1. Limited time only! Sign up for a free 30min personal tutor trial with Chegg Tutors
    Dismiss Notice
Dismiss Notice
Join Physics Forums Today!
The friendliest, high quality science and math community on the planet! Everyone who loves science is here!

Convergence on [-M,M] for any M implies convergence on R?

  1. Oct 30, 2011 #1
    Good day dear fellows. I am given the following series

    [itex] h(x) = \sum_{n=1}^{\infty} \frac{1}{x^2+n^2}. [/itex]

    It is requested that I show that [itex]h(x)[/itex] is continuous on R. I did the following: use the Weirerstrass M-test to show uniform convergence, and then, using the continuity of the functions that are being summed, conclude that [itex] h(x) [/itex] is continuous. The solutions manual agrees with me. So far so good.

    Next I am asked whether [itex] h(x) [/itex] is differentiable, and, if [itex] h(x) [/itex] is differentiable, to investigate if the derivative [itex] h'(x) [/itex] is continuous. I note that that

    [itex] \frac{d}{dx} \frac{1}{x^2+n^2} = \frac{-2x}{(x^2+n^2)^2}.[/itex]

    At this point I don't see how I am going to get uniform convergence out of a summation over this thing, so I take out the solutions manual again. The manual uses the Weirerstrass M-test to show uniform convergence on [itex] [-M,M] [/itex] for arbitrary [itex]M[/itex], and concludes that there must be uniform convergence on R (because M is aribitrary). To be explicit: on any interval [itex] [-M,M] [/itex],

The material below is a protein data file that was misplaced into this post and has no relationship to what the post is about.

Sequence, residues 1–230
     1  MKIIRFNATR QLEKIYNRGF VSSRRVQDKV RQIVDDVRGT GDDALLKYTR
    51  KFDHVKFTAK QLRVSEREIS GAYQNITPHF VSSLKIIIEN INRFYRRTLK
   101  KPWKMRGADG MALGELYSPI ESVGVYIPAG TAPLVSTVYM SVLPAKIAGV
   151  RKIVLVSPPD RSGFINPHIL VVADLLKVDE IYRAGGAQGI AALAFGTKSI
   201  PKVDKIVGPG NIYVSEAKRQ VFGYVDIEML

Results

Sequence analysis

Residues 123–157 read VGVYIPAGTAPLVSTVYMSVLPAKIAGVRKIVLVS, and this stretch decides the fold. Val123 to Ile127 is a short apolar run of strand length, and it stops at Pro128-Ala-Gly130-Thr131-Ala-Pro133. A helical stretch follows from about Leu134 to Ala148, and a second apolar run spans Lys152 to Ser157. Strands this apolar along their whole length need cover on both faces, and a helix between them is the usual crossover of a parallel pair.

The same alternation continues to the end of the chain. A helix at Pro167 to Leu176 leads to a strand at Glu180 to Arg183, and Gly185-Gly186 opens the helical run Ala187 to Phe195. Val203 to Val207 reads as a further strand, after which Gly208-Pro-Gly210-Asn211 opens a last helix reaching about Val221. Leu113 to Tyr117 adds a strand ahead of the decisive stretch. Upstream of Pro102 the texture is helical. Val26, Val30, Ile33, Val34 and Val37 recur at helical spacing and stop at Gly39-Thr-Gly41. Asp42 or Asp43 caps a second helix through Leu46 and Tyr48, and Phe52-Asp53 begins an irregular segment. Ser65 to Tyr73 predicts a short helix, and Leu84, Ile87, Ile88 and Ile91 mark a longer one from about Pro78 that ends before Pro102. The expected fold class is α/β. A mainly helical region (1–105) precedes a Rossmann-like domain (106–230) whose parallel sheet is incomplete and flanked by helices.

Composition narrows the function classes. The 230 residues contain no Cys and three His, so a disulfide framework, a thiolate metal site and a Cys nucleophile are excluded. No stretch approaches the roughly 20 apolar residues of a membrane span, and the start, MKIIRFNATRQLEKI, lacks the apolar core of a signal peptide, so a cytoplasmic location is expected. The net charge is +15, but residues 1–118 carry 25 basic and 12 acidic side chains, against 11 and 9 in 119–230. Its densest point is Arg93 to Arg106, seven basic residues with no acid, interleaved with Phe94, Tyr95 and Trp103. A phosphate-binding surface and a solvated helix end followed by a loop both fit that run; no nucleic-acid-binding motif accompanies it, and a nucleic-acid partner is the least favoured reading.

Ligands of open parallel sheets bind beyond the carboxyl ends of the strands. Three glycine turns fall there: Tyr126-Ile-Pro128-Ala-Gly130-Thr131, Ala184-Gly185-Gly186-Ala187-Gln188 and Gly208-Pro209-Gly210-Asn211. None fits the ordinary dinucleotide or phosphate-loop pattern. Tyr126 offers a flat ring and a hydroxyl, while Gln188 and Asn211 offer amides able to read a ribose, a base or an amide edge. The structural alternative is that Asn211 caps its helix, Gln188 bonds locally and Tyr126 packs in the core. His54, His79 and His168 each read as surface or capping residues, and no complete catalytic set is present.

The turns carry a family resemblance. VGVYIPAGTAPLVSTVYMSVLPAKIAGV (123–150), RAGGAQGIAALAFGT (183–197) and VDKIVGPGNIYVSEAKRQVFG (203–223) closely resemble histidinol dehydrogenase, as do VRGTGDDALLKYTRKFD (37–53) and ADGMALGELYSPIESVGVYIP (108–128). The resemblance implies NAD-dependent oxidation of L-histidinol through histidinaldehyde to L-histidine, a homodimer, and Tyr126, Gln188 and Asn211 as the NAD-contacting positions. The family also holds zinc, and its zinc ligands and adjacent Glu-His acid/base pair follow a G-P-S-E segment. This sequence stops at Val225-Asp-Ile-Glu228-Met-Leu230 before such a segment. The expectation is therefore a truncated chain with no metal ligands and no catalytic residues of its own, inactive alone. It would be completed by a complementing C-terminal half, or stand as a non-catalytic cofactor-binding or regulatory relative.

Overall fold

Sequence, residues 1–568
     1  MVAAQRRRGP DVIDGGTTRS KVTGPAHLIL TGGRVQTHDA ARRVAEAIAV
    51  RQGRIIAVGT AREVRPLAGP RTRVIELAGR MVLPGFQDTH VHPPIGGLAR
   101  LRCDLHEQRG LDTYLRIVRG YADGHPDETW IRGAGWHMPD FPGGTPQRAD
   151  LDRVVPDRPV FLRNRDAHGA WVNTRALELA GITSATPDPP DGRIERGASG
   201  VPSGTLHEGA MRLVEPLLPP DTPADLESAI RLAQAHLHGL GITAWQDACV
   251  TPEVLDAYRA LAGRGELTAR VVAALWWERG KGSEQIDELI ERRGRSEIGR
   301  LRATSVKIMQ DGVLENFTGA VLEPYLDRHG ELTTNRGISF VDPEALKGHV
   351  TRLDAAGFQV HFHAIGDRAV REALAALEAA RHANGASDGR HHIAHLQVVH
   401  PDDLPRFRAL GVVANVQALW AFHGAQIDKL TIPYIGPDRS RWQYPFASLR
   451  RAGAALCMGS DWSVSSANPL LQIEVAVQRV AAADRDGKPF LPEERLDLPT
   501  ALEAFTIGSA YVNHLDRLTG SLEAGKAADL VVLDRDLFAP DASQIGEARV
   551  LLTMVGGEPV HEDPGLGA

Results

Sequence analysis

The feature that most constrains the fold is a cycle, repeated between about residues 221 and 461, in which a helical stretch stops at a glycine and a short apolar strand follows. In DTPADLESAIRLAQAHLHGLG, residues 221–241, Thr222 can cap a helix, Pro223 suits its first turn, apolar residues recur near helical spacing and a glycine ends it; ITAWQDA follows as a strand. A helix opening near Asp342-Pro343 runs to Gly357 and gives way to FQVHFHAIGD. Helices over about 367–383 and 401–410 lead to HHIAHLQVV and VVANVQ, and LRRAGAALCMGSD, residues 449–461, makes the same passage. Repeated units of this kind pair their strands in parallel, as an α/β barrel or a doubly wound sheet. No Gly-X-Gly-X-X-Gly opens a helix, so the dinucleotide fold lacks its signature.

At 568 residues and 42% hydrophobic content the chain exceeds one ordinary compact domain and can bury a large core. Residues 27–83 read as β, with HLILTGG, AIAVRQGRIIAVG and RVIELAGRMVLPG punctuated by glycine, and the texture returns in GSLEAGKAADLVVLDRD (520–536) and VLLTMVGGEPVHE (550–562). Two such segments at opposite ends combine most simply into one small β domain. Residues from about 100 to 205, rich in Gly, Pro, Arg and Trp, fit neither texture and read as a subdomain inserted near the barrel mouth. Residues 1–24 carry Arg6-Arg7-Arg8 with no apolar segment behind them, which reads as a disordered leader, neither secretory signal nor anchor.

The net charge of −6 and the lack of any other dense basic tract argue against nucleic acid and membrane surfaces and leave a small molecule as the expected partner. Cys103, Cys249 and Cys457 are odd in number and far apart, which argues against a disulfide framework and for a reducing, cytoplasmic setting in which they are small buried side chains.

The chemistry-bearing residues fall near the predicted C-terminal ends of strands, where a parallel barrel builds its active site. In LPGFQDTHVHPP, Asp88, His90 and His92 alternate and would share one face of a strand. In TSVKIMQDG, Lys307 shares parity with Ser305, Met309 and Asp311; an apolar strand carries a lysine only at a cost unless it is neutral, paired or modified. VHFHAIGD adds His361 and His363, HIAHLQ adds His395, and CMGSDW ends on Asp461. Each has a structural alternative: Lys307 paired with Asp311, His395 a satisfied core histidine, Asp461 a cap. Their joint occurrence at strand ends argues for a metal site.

[itex] |\frac{2x}{x^2+n^2} | \leq \frac{2M}{n^2} [/itex].

    (the square over the denominator can be removed since the denominator is greater than one).

    And, since

    [itex] \sum_{n=1}^{infty} \frac{2M}{n^2} [/itex]

    converges on [-M,M], uniform convergence of the derivatives follows via the weirerstrass M-test. Since [itex]M[/itex] is arbitrary, we then have uniform convergence (and thus continuity) on R.

    I don't see how this is so, since R is not a closed interval..
     
  2. jcsd
  3. Oct 30, 2011 #2

    HallsofIvy

    User Avatar
    Staff Emeritus
    Science Advisor

    On the contrary, R is a closed interval. It is just not a bounded interval.

    In any case, "convergence", in a set X, just means the series converges at every point of X. Let p be any point in R. Then there exist M such that -M< p< M. If the series converges on [-M, M] then it converges at p. Since p could be any point in R, the series converges for all R.

    "Uniform convergence" would be a different matter.
     
  4. Oct 30, 2011 #3
    I think I am confused by the notation for intervals. For any finite numbers [itex] a [/itex] and [itex]b [/itex], [itex] (a,b) [/itex] is an open interval, and every closed interval can be written [itex] [c,d], [/itex] where [itex]c[/itex] and [itex]d[/itex] are its endpoints. But this isn't true for unbounded intervals? In other words, [itex] (-\infty, \infty) [/itex] is a closed interval, since it contains all it's limit points (but not its endpoints)? Endpoints of unbounded intervals are not limit points?
     
Know someone interested in this topic? Share this thread via Reddit, Google+, Twitter, or Facebook




Similar Discussions: Convergence on [-M,M] for any M implies convergence on R?
  1. Convergence of r^n (Replies: 3)

Loading...